As the snow melts from the earth surface, the aggressive fungal growth keeps thriving and spreading until the earth surfaces dry out or temperatures are gradually above 45 F. Pink snow mold is a little more persistent, as long as the grass is moist, and temperatures are between 32 F and 60 F, it keeps growing.You can treat snow mold within a few weeks using the following lawn treatment tips;

#1. Apply fertilizer regularly.

Because snow mold only affects the grass blade at the early stage, fertilizing will enable your grass to push new growth and “outgrow” the fungus.

#2. Mow your lawn regularly

You’ve got make up your mind to mow your lawn regularly because tall grass holds more moisture, and they are vulnerable to snow mold.

Mow the lawn at a length that is shorter than the usual, to minimize the moisture trapped under the first snowfall of the season. Continue this until the mold is no more actively growing. Ensure you clear out all grass shavings after mowing.

#3. Gently rake over the affected areas to dry out the discolored patches quickly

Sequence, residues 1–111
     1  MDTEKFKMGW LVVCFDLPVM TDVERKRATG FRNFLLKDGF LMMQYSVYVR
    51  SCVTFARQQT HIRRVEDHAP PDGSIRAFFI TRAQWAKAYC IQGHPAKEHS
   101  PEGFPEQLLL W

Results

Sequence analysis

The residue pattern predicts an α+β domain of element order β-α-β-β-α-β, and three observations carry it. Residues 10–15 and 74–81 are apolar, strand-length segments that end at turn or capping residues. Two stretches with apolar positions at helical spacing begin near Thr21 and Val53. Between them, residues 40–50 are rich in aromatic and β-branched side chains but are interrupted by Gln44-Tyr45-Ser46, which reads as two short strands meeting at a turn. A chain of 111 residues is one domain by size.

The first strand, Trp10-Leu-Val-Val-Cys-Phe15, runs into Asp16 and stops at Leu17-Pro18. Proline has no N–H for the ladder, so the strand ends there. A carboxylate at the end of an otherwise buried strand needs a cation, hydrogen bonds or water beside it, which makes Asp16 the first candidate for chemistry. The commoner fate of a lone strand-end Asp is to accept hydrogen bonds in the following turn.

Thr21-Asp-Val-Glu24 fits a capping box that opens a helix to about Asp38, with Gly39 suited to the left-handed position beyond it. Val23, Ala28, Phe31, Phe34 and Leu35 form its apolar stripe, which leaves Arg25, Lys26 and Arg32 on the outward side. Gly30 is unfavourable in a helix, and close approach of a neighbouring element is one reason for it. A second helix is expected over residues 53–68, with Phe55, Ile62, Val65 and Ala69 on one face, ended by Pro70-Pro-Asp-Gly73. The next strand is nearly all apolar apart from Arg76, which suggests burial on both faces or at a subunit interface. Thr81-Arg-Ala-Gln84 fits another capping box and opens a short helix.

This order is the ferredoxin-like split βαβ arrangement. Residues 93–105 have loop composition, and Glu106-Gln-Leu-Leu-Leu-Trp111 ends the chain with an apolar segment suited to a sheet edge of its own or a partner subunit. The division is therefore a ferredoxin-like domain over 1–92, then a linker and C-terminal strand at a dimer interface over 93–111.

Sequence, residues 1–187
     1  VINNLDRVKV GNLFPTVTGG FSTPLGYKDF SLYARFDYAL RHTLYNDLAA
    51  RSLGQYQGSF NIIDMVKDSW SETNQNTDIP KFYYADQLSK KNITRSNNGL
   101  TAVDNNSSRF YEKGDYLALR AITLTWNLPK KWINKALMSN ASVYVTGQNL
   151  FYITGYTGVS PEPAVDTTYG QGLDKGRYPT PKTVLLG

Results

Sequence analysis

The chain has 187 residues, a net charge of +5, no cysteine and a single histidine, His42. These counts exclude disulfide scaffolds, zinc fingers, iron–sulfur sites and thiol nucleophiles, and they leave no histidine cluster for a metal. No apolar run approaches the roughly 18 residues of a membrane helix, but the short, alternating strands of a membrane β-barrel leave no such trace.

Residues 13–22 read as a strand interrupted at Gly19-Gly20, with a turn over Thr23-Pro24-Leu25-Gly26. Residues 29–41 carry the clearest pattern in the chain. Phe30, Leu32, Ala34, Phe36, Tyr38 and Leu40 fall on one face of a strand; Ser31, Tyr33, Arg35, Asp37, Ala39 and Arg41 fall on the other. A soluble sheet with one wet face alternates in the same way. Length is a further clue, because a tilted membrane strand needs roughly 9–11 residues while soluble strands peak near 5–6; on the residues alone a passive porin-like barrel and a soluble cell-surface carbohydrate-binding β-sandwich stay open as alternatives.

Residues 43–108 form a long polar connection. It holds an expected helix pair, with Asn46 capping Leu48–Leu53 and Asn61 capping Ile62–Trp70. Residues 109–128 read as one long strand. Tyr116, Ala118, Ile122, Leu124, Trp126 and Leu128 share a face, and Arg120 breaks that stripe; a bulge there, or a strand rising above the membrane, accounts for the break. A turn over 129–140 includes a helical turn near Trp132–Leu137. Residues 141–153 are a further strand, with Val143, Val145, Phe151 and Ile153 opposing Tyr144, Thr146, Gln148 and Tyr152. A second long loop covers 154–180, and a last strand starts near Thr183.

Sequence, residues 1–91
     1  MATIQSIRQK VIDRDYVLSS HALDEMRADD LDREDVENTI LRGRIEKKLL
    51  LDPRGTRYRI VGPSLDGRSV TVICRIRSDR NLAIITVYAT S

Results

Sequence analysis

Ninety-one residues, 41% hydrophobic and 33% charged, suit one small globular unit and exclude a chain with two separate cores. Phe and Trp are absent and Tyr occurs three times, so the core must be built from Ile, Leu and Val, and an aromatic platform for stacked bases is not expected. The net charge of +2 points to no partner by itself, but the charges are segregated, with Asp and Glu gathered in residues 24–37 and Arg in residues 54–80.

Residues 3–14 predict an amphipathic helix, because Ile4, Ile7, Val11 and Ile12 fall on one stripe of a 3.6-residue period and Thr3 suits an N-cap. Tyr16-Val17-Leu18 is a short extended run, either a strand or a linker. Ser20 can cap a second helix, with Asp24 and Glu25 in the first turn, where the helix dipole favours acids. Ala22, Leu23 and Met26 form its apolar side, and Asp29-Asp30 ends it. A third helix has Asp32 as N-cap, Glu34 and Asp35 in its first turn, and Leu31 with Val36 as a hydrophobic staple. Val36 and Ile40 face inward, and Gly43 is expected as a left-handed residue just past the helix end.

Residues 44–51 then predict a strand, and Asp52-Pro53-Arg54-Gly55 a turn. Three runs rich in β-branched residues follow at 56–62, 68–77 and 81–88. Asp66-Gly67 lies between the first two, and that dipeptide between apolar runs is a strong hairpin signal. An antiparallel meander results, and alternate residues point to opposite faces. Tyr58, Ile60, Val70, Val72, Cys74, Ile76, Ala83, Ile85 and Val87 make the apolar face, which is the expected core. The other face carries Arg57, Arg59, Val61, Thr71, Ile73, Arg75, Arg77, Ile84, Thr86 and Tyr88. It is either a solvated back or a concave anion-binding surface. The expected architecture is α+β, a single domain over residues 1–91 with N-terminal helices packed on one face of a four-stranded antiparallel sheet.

Rake lightly so as not to tear out all the grasses. Raking out the loose grass allows air to circulate the affected spots and boost the recovering process of the lawn grass.

#4. Detach any thatch layer that is above 1/2 inch thick

Wait until the moisture has dried out moderately from the lawn, and you have mowed two or three times before removing thatch. Mechanical dethatching machines are known to damage fresh grass sprouts in the spring.

#5. Overseed the bare areas

For severe snow molds, overseed the bare areas. In this case, you should not fertilize or mow these seeded areas until the new grass is actively growing.

#6. Apply fungicides to treat your lawn of snow mold

This should be a last resort. You should delay using chemicals on year lawn because in most cases of snow mold, with proper care, the grass heals itself. Except in severe occurrences when the disease persists, then you can apply fungicides to clear the fungus.


Can you prevent snow mold from your lawn? Following the right lawn maintenance tips, yes, you can. However, if afterward, you still notice those unattractive pinkish and grayish patches on your lawn, don’t panic. Your lawn isn’t dying. You can treat and restore the desired green colors to your grass within a few weeks of treatment.